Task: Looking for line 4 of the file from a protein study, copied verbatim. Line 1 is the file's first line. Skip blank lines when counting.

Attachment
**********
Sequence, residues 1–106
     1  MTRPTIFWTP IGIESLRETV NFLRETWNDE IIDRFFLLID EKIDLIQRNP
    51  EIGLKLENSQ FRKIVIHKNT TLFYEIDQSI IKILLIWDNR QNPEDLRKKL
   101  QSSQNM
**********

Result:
   101  QSSQNM